If you have ever used a little app called Instagram, chances are you’ve come across the hashtag #IHadAMiscarriage created by Dr. Jessica Zucker, a Los Angeles-based psychologist and writer specializing in women’s reproductive and maternal mental health.
After experiencing her own devastating second-trimester pregnancy loss, Zucker created the now well-recognized #IHadAMiscarriage campaign and website to raise awareness about the topic of pregnancy and infant loss, as well as offer resources and support for women who experienced a miscarriage or loss — which included a line of empathy cards in 2015 as well as a later collection of T-shirts and totes honoring rainbow babies.
Every year, during Pregnancy and Infant Loss Awareness month in October, her campaign chooses a theme centered around miscarriage and infant loss. This year, the theme highlights Rites, Rituals and Representation.
As Zucker explains in a video for the campaign, she feels it is important that we start a conversation about how, as a society, we can help women honor who they were before experiencing loss — and who they become after.
She notes that even though the culture of silence surrounding pregnancy and infant loss has thankfully shifted, there still needs to be a framework to honor and memorialize losses in a concrete way.
“Reflexively, we know what to do for our loved ones, whether that’s sending a card or food, attending a funeral, or providing support,” she points out. “But when it comes to the loss of an imagined family, there’s nothing tangible that we can turn to, no standardized rituals to rely on amidst the mourning process.”
Zucker says having such rituals could help create healing and facilitate closure for many would-be mothers.
“I continue to yearn for ritual and this is in part why, this year, I attempted to create it for the women who participated in my campaign, and for myself,” says Zucker.
It was that yearning for a ritual that led Zucker to collaborate with Mexico City poet and artist Jessica Lakritz, whose Instagram account Skin on Sundays “turns people into poetry” by adorning women’s bodies with words inspired by their own reproductive stories.
The result, says Zucker, was a “seamless, spectacular experience.” The images, captured by LA photographer Rebecca Coursey-Rugh, are powerful, arresting, and incredibly moving.
Lakritz tells Babble that she happened to come across the #IHadAMiscarriage campaign randomly on Instagram and was immediately captivated by the raw emotion of the women sharing their stories. She felt drawn to ask Zucker to collaborate so that she could create more allies and voices against the silencing and shaming of women after loss.
She also explained how the experience has opened her eyes to the realities of miscarriage and infant loss.
“You don’t realize it is a trauma,” Lakritz says. “After talking intimately with all these women about their personal experiences, I see how complex the emotions that go along with it are. It isn’t just sadness. It’s anger, guilt, isolation, fear, jealousy, shame, loneliness. It’s wondering if there is something wrong with your body. It’s feeling you have let your partner down. It’s coming to terms with the fact that you may not ever be able to have a baby. It’s feeling ashamed to mourn the loss because society belittles it. It’s fear during the next pregnancy that it may happen again.”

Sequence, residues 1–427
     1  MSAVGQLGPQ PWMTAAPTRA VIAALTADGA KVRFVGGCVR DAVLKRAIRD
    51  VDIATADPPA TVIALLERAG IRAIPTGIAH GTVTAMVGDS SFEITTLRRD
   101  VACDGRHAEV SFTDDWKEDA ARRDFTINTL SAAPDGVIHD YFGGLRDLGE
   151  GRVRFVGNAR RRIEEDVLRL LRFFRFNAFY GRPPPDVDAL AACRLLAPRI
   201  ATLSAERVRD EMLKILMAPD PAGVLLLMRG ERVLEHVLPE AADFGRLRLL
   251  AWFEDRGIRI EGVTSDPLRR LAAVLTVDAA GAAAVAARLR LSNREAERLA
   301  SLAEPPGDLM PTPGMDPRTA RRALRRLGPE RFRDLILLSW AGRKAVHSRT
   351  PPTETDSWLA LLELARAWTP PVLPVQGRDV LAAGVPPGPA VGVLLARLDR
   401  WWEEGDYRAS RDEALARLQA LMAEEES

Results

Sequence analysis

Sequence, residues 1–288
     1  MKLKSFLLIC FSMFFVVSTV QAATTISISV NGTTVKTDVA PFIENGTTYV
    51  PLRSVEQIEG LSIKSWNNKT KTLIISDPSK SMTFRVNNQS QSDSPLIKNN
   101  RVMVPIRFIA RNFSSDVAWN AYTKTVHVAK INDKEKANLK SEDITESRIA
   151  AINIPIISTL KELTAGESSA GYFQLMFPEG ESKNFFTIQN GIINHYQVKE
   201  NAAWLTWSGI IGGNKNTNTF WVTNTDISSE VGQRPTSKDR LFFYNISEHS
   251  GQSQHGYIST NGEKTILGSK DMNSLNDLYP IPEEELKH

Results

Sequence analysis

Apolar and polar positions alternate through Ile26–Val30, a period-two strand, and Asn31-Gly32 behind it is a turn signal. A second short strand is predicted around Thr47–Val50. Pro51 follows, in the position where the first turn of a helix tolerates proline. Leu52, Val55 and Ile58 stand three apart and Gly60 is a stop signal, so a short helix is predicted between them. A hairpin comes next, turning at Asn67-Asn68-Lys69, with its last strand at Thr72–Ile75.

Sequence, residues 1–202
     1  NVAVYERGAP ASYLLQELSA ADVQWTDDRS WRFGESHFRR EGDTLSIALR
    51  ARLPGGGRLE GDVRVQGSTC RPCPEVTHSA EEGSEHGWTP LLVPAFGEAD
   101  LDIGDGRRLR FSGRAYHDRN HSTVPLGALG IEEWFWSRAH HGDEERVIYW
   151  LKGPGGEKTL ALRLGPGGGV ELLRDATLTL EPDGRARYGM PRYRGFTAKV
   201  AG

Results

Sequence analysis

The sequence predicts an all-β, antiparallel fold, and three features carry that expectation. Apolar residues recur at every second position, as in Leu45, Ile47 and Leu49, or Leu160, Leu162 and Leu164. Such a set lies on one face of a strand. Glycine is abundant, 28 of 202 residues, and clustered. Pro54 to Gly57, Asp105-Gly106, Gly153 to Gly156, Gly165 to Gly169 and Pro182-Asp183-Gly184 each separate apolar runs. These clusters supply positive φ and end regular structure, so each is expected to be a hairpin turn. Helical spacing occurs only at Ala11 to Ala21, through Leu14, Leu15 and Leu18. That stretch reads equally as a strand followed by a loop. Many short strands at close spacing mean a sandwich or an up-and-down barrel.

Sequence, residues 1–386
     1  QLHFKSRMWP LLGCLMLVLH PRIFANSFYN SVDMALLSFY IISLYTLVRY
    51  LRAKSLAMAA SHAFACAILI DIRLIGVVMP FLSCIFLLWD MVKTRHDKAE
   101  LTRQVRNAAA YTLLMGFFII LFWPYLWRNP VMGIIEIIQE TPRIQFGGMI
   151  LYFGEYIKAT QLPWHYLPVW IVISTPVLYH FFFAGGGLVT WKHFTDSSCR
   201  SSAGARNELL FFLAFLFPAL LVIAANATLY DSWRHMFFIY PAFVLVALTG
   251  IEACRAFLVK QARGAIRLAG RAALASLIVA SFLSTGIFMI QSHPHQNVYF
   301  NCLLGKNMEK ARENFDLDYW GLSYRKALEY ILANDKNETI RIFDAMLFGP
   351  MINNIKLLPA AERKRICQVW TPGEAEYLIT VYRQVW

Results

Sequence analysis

Lakritz adds that working on the campaign also changed her on a deeply personal level, when her mother revealed that she was actually a rainbow baby.
“I believe she never would have told me about that experience if I hadn’t been involved with the #IHadAMiscarriage campaign,” Lakritz says. “It isn’t like she was hiding it per se, but that’s exactly the thing. You don’t feel like you’re ‘hiding’ it, because it just seems normal not to share your experience, because that is what you are taught to do.”
In the end, Zucker says that her ultimate goal through the #IHadAMiscarriage campaign, no matter what time of the year it is, is to provide women with a sense of comfort and connection.
“With the statistics being what they are and the fact that pregnancy/infant loss is not a disease and is therefore not going anywhere, we need a community that accurately reflects back to us the feelings we feel, but may be too afraid to say out loud,” she describes. “I want women to feel, not just intellectually know, they are not alone and that there is absolutely no shame in loss.”
Because this year’s #IHadAMiscarriage campaign is highlighting the lack of rituals surrounding miscarriage, pregnancy, and infant loss, Zucker and Lakritz hope that their work is able to inspire women to find a way to represent their own stories of loss in ways that are meaningful and healing to them. Zucker also has signs representing loss that are free to download on her website, for those who want to join the campaign by taking their own photos.
“We need a framework for grieving and for honoring ourselves and the babies we’ve lost,” Zucker notes.